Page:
Tuesday, August 31, 2010

Intrepid Women: Sarah Bowdich Quells a Mutiny, 1816

Tuesday, August 31, 2010
Susan reporting:

In 1816, not all English ladies were leading a genteel, Austen-esque life in the country. At least one of them was sailingwith her infant daughter to Africa to meet her husband. Sarah Wallis Bowdich (1791-1856) was the only woman, let alone the only lady, on board a small merchant ship full of desperate men. Here's Sarah's own telling of what happened one evening, from her 1835 book Stories of Strange Lands, & Fragments from the Notes of a Traveller:

The surgeon whispered to me his apprehensions that all was not well, and that our people...were irritated and annoyed, and in a most discontented state. The first mate was in command of the vessel; and, though he was an admirable sailor, and a most obliging and excellent person, was very impetuous. The dinner was sent to table very ill-dressed, and the cook was summoned aft to receive a reprimand. He became impertinent, and the mate, seizing a butter-boat, threw it at his head....A general scuffle ensued, and the second mate, running to the chest of arms, loaded a brace of pistols, and stood in the door-way of the cabin, swearing to two men who came aft, that he would blow their brains out if they ventured a step further. I expostulated with him, but he only replied, "You do not know the danger, Ma'am; the men are in a state of mutiny, and if they seize on the small-arms, we may all be murdered." My child happened to be on deck; and, at the word murdered, I crept under the second mate's arm after her. She was perfectly safe, with Antonio [another sailor] beside her, as guard. My fellow-passenger [a convicted slaver!] was on the larboard side, striving by fair words to quell the tumult; but the first mate was nearly overpowered at the opposite gangway. In striving to reach my child, I became mixed up with their party; and, without knowing it, was close by the mate when when the cook made a plunge at him with the large knife with which he cut the meat. To seize the cook's arm, to snatch the knife out of his hand, and throw it into the sea, was an affair of impulse, not reflection; however, it probably saved the mate, for the knife had already cut through his waistcoat. This action, and my presence, seemed to produce a momentary pause, and gave time to those who were well-disposed to rally round their master. The cook was put in irons, and...went away muttering curses and threats; and I had no inclination to eat the offering with which he had tried to propitiate me....I accordingly threw it into the sea, and retired to the cabin, to prevent further identification with this painful concern.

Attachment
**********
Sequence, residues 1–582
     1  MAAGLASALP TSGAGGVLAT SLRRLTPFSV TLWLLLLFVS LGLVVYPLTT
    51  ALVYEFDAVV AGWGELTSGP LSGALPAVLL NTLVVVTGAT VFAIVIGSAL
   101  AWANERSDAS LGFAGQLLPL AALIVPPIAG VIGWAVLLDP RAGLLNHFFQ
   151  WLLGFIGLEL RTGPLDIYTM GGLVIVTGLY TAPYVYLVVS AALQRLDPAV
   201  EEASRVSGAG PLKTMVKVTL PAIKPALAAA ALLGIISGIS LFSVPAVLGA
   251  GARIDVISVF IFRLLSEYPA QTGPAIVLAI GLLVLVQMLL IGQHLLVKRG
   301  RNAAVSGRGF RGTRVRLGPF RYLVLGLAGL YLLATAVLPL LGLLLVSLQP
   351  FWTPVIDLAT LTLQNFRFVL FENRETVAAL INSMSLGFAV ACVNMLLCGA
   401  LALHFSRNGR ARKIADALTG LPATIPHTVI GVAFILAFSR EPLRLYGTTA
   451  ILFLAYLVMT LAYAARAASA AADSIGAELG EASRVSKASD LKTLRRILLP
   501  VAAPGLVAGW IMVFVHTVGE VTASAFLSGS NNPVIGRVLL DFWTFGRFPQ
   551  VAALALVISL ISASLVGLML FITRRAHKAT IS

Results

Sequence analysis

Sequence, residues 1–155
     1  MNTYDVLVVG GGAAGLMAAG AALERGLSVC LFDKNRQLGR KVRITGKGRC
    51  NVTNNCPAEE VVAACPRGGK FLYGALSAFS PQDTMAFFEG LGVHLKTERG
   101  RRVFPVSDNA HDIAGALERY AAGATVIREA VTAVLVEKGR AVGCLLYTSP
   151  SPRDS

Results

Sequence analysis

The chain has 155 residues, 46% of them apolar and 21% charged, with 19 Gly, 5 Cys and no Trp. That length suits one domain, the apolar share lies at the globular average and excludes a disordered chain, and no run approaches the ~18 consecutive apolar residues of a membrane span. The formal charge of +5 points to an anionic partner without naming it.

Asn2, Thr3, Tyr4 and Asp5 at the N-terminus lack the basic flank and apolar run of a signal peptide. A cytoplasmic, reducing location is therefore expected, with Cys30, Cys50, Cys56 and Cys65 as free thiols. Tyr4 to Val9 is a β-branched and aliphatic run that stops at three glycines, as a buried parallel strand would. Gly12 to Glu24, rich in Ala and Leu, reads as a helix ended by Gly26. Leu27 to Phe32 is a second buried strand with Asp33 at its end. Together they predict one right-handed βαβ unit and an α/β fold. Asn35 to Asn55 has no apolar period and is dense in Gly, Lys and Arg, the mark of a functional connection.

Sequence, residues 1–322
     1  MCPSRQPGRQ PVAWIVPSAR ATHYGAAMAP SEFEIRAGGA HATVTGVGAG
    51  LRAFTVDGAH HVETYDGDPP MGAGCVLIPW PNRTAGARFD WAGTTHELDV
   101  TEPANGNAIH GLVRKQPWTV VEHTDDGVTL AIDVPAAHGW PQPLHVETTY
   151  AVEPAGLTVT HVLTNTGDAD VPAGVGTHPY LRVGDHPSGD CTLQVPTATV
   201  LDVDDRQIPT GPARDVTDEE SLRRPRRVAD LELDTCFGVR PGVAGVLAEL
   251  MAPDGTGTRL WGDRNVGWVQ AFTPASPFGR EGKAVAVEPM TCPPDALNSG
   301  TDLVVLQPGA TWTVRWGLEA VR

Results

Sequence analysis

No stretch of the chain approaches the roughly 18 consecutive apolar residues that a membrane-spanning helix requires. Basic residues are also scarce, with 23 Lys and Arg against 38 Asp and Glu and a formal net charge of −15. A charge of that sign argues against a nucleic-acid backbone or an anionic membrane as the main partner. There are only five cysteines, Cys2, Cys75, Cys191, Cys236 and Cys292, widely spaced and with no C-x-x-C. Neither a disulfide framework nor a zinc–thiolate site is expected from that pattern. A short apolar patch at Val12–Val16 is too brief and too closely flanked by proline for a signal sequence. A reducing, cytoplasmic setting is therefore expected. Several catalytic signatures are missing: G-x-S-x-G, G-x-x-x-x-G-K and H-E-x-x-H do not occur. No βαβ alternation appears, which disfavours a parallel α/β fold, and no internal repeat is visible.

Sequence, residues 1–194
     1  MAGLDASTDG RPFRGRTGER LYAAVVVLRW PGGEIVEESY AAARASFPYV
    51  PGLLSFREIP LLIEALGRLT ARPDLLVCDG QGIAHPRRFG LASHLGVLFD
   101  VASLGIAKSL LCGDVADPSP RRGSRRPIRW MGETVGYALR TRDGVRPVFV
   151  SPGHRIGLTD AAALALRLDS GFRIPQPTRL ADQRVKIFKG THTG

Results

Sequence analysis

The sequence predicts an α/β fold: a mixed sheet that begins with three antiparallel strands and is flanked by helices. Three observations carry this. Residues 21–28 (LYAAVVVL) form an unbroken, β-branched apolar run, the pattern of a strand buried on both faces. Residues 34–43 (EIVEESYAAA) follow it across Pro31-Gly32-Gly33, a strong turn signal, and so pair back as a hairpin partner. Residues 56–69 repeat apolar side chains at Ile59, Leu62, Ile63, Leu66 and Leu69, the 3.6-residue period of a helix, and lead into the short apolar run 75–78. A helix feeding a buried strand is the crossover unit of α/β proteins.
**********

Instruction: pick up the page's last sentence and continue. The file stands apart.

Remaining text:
But wait! This is only one tiny slice of this lady's amazing and accomplished life. More, much more, to follow on Thursday....

Above: Loaded pistols were served out to all the sure men by N.C. Wyeth, 1911, illustration for Robert Louis Stevenson's Treasure Island, Collection of Andrew and Betsy Wyeth.

11 comments:

Felicity Flower said...

Very exciting! Looking forward to more. Was she on her way to Africa as a missionary?

Anonymous said...

Early for missionary work. Maybe her husband's engaged in the war effort? This is well past Napoleon's campaign in north Africa, but things were sufficiently uneasy that the English were still stationed there. But to bring one's wife is puzzling!

Jenny Girl said...

She would make a great heroine in a book! Can't wait to read more about her.

Pauline said...

So many women at sea and so few of their stories told. Thank you for bringing another seafaring lady to our attention.

ILoveVersailles said...

So I cheated, and googled Mrs.Bowditch, so I know why she's on her way to Africa, but I'll keep the spoiler to myself. You're right, tho, she really has some story!

Susan Holloway Scott said...

I didn't intend to make this a guessing-game -- but now that it's sort of evolved into that, thank you, Versailles, for not spilling the Google-beans.

What amazed me most about Mrs. Bowdich is that, here again, is an extraordinary and independent woman who went her own way in life, and yet has become virtually invisible in history. Argh!

But enough of my soapbox-tirade. More about her on Thursday!

nightsmusic said...

I think she'd make a great heroine for a novel too! ;o)

I'm always happy to read about women during that time that weren't froth and frills and tea servers, but had backbone and an adventuresome spirit.

LorettaChase said...

But when we put stories like these in our novels, many people scoff and say, "Women didn't do that." Thank you, Susan, for shining a light on a woman who deserves to be remembered!

Susan Holloway Scott said...

Loretta, we both know how true that is! Any time a novelist puts a woman in an unexpected historical setting, editors and readers are bound to challenge us, and say it's an anachronism. Real-life examples like Mrs. Bowdich's story need to be shared, if only to prove that there have always been brave, resourceful, adventurous women. :)

Shannon said...

I think you are absolutely correct. I only wish that there were more novelists out there who wrote the true stories of exciting women's lives. Historical text-books, blog posts like these, and novels with real-world characters are probably the only way we can dispel the myth that women always simpered at home by the fireplace.

Susan Holloway Scott said...

Shannon, I can assure you that neither Loretta nor I write wimpy, tea-offering heroines in our books. But, yes, it IS often a battle to convince editors that women of the past did do more than pouring for the vicar. *g*

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